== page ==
There are a number of books which have become franchise books for their creator(s). In these cases, the book is the introduction of a character or characters, which the creator uses in many subsequent books. In all cases, the collectibility of the first book in the series is enhanced. Numerous examples of franchise books come to mind, such as Madeline, Babar, or Eloise.
The first edition book introducing the franchise character or characters usually has high market value relative to a particular illustrator's other books. In many cases the initial franchise book was under printed relative to the demand for the book, since the popularity of the character was unknown at the time of the first printing. Related to this, the first book in the franchise was printed in substantially lower quantities than other books in the franchise, since success was paved for the later books.
In many cases the other first edition books in the successful, multi-year, multi-book franchise will also have higher collectibility, all other things being equal. The Petunia books, written and illustrated by Roger Duvoisin, who illustrated over 118 books, tend to have a higher market value than Duvoisin's numerous other books. The same can be said for Hilary Knight's Eloise books, as compared to the other books that he illustrated. There are many, many examples of franchise books, and the table provides but a few examples from various eras within the picturebook industry. The astute collector should be aware of new books which have long-term franchise potential.
|1932||Lois Lenski||The Little Family|
|1933||Jean de Brunhoff||The Story of Babar|
|1941||H. A. Rey||Curious George|
|1955||Crockett Johnson||Harold And The Purple Crayon|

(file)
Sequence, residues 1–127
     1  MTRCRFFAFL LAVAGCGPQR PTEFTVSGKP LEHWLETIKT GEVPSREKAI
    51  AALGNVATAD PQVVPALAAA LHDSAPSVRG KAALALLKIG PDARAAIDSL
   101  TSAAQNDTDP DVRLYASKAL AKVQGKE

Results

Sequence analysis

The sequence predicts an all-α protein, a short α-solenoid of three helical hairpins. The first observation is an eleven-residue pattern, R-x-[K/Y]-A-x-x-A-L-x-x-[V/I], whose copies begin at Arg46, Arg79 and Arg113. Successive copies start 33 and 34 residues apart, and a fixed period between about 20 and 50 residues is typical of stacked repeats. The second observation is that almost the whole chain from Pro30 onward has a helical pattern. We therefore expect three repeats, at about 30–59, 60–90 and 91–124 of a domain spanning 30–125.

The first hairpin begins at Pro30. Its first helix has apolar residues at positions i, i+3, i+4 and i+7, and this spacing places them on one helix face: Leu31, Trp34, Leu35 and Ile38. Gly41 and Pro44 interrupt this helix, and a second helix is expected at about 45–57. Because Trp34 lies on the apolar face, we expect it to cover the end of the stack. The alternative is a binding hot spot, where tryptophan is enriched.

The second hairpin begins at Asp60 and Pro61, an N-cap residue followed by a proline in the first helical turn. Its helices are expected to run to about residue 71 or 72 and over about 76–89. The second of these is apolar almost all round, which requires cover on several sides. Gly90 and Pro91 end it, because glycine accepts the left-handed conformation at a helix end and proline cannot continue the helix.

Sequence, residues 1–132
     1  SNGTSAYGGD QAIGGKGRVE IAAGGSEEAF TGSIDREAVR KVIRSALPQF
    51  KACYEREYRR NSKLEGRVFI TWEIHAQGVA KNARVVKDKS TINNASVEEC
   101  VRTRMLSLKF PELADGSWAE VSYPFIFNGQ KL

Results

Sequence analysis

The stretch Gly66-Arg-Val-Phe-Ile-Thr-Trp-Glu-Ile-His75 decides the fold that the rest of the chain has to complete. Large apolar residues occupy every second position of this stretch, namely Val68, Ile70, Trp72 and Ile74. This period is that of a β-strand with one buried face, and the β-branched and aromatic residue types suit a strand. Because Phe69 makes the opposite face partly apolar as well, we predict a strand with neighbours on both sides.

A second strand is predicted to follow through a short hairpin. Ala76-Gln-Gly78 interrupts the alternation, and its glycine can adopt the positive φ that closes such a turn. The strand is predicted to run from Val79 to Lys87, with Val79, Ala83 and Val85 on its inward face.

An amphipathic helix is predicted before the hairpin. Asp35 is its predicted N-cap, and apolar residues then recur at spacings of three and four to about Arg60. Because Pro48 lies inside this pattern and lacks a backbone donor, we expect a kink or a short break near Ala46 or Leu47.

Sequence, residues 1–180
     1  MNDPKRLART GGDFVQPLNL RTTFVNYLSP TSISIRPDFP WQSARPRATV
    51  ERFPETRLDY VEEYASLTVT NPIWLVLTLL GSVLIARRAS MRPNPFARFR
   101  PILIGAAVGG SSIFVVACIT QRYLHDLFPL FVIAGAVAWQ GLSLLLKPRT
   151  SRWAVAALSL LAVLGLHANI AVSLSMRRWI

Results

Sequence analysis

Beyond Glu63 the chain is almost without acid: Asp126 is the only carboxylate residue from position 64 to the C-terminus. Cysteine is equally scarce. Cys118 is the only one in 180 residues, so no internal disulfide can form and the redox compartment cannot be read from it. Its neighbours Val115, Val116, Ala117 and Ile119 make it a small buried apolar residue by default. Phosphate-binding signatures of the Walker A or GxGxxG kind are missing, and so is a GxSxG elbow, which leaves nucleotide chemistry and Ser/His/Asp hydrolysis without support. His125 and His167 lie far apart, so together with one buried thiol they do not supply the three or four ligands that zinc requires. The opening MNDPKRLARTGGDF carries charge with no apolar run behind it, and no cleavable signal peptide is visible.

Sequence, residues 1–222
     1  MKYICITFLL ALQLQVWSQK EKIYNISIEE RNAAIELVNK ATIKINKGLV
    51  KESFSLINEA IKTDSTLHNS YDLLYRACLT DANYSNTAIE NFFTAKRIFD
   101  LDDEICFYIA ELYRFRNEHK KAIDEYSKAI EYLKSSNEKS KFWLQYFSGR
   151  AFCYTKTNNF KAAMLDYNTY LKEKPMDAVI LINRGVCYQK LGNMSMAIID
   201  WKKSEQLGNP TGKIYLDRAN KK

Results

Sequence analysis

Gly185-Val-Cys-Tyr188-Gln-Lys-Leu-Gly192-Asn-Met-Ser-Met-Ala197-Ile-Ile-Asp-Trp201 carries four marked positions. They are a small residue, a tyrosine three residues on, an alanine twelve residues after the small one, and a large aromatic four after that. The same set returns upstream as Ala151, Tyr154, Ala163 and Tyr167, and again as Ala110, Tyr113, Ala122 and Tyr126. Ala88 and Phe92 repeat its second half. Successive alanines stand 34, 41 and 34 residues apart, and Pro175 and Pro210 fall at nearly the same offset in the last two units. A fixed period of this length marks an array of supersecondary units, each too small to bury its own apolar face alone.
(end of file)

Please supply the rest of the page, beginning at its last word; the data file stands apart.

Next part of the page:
|1957||Theodor Geisel||The Cat In The Hat|
|1957||Maurice Sendak||Little Bear|
|1962||Stan & Jan Berenstain||The Big Honey Hunt|
|1975||Mercer Mayer||Just For You (Little Critter)|
|1976||Marc Brown||Arthur's Nose|
|1999||William Joyce||Rolie Polie Olie|
|1997||Hollie Hobby||Toot & Puddle|
The collectible contemporary children's book market is evolving and maturing, although the hobby has not yet reached adolescence. The factors that affect a book's value and collectibility are not solidified within the hobby. The current state is Caldecott and Seuss-centric, synchronous with 'mainstream' collectible books, in that every bookseller KNOWS they have value. However I believe the hobby will mature into something significantly different.
With this in mind, we've identified six factors which affect the collectibility and value of a contemporary children's picturebook. The six factors are a starting point for dialogue within the hobby, which will create some controversy and discourse. Over time, this collaborative tension will lead to evaluation and evolution of the factors generally accepted to affect a book's value and collectibility. Eventually these factors will become solidified within the hobby.
The six factors are intimately connected, so it is difficult to individually describe one without intermingling the description with the other factors. One factor will invariably impact other factors. Not one to retreat from a challenge, we will try nonetheless.
© Stan Zielinski
A serious collector having fun with fun books.
© Stan Zielinski. Author of the Children's Picturebook Price Guide
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